Bad River watershed assessments

Science Center Objects

The Bad River has one of the highest sediment loads of all Lake Superior tributaries and is an important resource for lake sturgeon and the Bad River Tribe. This study monitors the effects of streamflow variability on sediment-related problems, including understanding the influence of land cover on hydrology, habitat, erosion and sedimentation rates, and water quality of the Bad River.

Problem

A historical perspective of changes in the sediment, water quality, and hydrologic conditions of the Bad River watershed is needed for environmental management of the Bad River Tribe’s water resources. Previous sediment load studies conducted by the USGS identified the Bad River as having the highest sediment load of all tributaries to Lake Superior. A large, highly valued coastal wetland complex in the Kakagon and Bad River Sloughs exists at the mouth of the river and is threatened by excessive sediment. More study is needed of nutrient loadings and potential mining impacts. The Bad River is one of a handful of rivers that has naturally reproducing lake sturgeon.

 

Objectives

Photograph of Faith Fitzpatrick, USGS, describing overbank deposits along the Bad River

Faith Fitzpatrick, USGS, pointing toward post-Euro-American settlement sandy alluvium in overbank deposits along the Bad River about 2 kilometers upstream of its mouth at Lake Superior (location is yellow circle on right).

The objectives of the studies included in this project are varied, but have a central thread of long-term monitoring of the effects of floods and streamflow variability on sediment-related nonpoint source problems. The main objectives of this study are to understand the historical and modern influences of land cover on hydrology, habitat, erosion/sedimentation rates, and water quality of the Bad River and its key tributaries.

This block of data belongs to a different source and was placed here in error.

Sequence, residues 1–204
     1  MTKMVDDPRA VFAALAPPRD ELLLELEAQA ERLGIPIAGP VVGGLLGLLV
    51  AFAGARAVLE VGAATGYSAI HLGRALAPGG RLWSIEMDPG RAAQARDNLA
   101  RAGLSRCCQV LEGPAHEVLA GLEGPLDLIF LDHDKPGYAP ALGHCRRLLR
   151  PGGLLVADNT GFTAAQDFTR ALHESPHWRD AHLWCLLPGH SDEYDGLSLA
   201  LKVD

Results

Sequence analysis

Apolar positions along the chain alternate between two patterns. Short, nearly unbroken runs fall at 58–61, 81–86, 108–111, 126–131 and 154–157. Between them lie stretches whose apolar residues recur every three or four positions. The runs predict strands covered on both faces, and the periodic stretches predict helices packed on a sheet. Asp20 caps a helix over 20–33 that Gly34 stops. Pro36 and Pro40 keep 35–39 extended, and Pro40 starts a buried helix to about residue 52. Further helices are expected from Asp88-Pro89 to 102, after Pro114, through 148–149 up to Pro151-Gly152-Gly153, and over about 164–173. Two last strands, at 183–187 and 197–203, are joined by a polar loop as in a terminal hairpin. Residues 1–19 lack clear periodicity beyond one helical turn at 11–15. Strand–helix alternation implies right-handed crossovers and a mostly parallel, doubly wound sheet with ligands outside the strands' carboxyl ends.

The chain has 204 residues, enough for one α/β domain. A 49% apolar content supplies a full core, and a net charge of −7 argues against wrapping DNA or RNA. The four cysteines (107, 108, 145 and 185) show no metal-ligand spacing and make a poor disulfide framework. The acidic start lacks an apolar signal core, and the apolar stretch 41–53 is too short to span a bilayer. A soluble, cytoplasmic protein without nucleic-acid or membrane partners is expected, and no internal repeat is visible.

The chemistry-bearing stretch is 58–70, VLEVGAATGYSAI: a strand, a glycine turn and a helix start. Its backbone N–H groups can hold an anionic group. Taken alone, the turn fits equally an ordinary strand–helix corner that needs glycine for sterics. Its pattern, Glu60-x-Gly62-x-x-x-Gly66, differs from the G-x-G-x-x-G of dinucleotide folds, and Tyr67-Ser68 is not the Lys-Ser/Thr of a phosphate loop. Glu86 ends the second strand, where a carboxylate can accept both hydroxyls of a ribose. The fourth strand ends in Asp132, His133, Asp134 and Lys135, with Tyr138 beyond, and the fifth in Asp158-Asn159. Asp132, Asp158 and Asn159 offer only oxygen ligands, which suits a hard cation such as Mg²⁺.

Approach

All aspects of the approach are coordinated and assisted by scientists, managers, and technicians in the Bad River Tribe Natural Resources Department. The approach began with a GIS analysis of the watershed and identification of erosion and sedimentation hotspots. Valley cross sections were surveyed and floodplain stratigraphy was used to establish historical overbank sedimentation rates. Geomorphic reference sites were established along the Bad River and key tributaries for monitoring channel changes and bank erosion. Cross sections were revisited approximately every five years. Streambed sediment samples have been collected for trace elements and inorganic chemicals from streams upstream and downstream of potential mining locations starting in 2006. Suspended sediment and bedload, and water samples for trace elements have been collected occasionally at the continuous streamflow gaging station on the Bad River near Odanah. On Bear Trap Creek, nutrient and sediment loads are being monitored by the Tribe and USGS associated with potential agricultural runoff contributions to Kakagon Slough.

Photograph of Faith Fitzpatrick discussing soil cores and findings with staff from the Bad River Tribe's Natural Resources Dept.

Faith Fitzpatrick, USGS, discussing soil cores and findings with staff from the Bad River Tribe's Natural Resources Department.

 

Plans

In 2016, plans include writing a report on the channel cross section and bank erosion monitoring and a fact sheet on methods used to conduct a baseline survey of sediment geochemistry and water quality related to the Bad River plume in Lake Superior. Water quality sampling and streamflow measurement continues at five sites as part of a baseline survey of the watershed upstream and downstream of the area where mining activity has been proposed.